Merle A. Williams, Henry James and the Philosophical Novel, Cambridge University Press, 1993.
Judith Woolf, Henry James: The Major Novels, Cambridge University Press, 1991.
Ruth Yeazell (ed), Henry James: A Collection of Critical Essays, Longmans, 1994.
Other works by Henry James
Washington Square (1880) is a superb early short novel, It’s the tale of a young girl whose future happiness is being controlled by her strict authoritarian (but rather witty) father. She is rather reserved, but has a handsome young suitor. However, her father disapproves of him, seeing him as an opportunist and a fortune hunter. There is a battle of wills – all conducted within the confines of their elegant New York town house. Who wins out in the end? You will probably be surprised by the outcome. This is a masterpiece of social commentary, offering a sensitive picture of a young woman’s life.
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The Aspern Papers (1888) is a psychological drama set in Venice which centres on the tussle for control of a great writer’s correspondence. An elderly lady, ex-lover of the writer, seeks a husband for her daughter. But the potential purchaser of the papers is a dedicated bachelor. Money is also at stake – but of course not discussed overtly. There is a refined battle of wills between them. Who will win in the end? As usual, James keeps the reader guessing. The novella is a masterpiece of subtle narration, with an ironic twist in its outcome. This collection of stories also includes three of his accomplished long short stories – The Private Life, The Middle Years, and The Death of the Lion.
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The Spoils of Poynton (1896) is a short novel which centres on the contents of a country house, and the question of who is the most desirable person to inherit it via marriage. The owner Mrs Gereth is being forced to leave her home to make way for her son and his greedy and uncultured fiancee. Mrs Gereth develops a subtle plan to take as many of the house’s priceless furnishings with her as possible. But things do not go quite according to plan. There are some very witty social ironies, and a contest of wills which matches nouveau-riche greed against high principles. There’s also a spectacular finale in which nobody wins out.
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Henry James – web links
Henry James at Mantex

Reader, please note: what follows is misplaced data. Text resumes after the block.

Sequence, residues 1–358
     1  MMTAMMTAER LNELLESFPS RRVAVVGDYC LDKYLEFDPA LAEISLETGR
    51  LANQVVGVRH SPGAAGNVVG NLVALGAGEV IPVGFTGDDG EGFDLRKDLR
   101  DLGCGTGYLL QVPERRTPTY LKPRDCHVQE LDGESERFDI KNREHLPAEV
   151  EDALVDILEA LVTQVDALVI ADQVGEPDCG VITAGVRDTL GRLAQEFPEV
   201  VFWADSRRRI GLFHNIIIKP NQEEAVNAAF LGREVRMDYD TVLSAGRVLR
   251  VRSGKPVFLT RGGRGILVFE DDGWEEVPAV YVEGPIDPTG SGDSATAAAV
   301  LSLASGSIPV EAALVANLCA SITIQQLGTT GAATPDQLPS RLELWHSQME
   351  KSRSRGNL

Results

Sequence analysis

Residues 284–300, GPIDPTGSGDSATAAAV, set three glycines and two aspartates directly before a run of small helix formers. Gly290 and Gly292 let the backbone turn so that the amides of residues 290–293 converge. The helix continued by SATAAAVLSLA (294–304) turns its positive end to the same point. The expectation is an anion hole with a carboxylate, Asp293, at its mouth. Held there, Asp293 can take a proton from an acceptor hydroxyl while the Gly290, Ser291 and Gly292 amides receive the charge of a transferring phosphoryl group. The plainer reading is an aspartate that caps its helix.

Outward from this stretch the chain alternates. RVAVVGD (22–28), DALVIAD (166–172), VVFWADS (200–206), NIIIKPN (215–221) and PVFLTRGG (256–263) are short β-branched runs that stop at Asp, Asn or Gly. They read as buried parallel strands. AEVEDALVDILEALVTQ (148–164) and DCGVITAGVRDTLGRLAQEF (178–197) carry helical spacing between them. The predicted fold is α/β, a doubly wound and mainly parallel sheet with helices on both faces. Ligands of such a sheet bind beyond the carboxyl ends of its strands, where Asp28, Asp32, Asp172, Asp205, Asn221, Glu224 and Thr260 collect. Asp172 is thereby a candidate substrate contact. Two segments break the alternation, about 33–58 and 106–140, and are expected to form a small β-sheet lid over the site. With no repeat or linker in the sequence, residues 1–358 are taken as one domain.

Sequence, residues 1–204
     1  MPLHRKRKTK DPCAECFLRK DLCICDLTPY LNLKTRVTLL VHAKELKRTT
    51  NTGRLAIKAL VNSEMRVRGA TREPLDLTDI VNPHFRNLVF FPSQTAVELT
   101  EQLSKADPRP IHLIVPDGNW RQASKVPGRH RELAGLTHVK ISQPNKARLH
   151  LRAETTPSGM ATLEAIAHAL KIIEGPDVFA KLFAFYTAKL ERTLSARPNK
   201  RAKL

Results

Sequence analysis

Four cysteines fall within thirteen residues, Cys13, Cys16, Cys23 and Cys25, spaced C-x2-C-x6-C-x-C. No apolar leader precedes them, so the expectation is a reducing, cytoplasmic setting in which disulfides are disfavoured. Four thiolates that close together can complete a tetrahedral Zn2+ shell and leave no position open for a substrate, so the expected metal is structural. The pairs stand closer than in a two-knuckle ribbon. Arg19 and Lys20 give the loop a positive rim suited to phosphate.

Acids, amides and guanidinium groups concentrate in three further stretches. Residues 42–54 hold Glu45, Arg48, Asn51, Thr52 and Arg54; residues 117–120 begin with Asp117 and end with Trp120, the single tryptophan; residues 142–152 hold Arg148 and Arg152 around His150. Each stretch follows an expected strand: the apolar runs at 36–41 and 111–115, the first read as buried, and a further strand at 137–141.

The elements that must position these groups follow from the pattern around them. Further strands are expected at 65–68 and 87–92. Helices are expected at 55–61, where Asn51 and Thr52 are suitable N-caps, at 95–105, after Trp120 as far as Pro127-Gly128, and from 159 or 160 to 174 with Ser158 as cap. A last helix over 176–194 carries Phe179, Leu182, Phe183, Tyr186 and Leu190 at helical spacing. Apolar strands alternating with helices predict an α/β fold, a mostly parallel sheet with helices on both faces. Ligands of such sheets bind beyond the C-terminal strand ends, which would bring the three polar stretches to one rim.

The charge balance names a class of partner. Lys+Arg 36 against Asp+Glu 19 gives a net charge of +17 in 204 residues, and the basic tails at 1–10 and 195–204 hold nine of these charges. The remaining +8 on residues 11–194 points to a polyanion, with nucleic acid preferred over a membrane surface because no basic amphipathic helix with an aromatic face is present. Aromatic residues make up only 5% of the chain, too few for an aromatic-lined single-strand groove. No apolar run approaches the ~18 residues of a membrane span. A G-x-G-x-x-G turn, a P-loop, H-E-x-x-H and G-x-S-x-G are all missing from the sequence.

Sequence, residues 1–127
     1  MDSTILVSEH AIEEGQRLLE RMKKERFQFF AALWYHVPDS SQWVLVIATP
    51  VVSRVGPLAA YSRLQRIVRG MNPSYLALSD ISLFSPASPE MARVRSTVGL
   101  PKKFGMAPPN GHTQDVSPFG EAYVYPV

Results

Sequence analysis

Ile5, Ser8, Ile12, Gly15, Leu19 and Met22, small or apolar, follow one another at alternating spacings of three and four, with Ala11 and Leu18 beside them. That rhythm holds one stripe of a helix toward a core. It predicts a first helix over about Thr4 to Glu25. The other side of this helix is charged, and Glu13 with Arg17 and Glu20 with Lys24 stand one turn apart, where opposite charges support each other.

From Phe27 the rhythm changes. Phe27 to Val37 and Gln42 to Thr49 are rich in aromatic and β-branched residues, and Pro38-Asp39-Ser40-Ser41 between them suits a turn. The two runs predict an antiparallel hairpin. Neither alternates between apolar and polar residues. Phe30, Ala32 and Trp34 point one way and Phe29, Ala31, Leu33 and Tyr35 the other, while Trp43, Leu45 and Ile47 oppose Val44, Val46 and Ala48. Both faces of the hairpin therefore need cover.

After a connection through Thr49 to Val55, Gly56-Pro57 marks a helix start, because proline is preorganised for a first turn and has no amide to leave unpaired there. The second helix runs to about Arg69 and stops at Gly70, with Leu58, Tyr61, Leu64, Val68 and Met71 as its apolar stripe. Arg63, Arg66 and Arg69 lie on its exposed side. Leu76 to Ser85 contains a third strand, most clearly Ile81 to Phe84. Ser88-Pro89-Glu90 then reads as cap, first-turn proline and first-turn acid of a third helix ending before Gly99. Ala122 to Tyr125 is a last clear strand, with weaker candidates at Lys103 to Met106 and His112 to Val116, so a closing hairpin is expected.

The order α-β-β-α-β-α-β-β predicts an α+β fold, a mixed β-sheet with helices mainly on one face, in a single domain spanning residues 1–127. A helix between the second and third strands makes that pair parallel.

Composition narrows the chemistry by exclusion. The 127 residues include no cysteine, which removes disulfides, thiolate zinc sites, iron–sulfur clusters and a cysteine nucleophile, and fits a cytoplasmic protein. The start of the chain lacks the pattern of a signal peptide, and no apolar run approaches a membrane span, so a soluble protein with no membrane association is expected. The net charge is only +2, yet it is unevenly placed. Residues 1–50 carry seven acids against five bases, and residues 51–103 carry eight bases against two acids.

Biographical notes, study guides, tutorials on the Complete Tales, book reviews. bibliographies, and web links.
The Complete Works
Sixty books in one 13.5 MB Kindle eBook download for £1.92 at Amazon.co.uk. The complete novels, stories, travel writing, and prefaces. Also includes his autobiographies, plays, and literary criticism – with illustrations.
The Ladder – a Henry James website
A collection of eTexts of the tales, novels, plays, and prefaces – with links to available free eTexts at Project Gutenberg and elsewhere.
A Hyper-Concordance to the Works
Japanese-based online research tool that locates the use of any word or phrase in context. Find that illusive quotable phrase.
The Henry James Resource Center
A web site with biography, bibliographies, adaptations, archival resources, suggested reading, and recent scholarship.
Online Books Page
A collection of online texts, including novels, stories, travel writing, literary criticism, and letters.
Henry James at Project Gutenberg
A major collection of eTexts, available in a variety of eBook formats.
The Complete Letters
Archive of the complete correspondence (1855-1878) work in progress – published by the University of Nebraska Press.
The Scholar’s Guide to Web Sites
An old-fashioned but major jumpstation – a website of websites and resouces.
Henry James – The Complete Tales
Tutorials on the complete collection of over one hundred tales, novellas, and short stories.
Henry James on the Internet Movie Database
Adaptations of James’s novels and stories for the cinema and television – in various languages. Full details of directors and actors, production features, film reviews, box office, and even quizzes.
© Roy Johnson 2012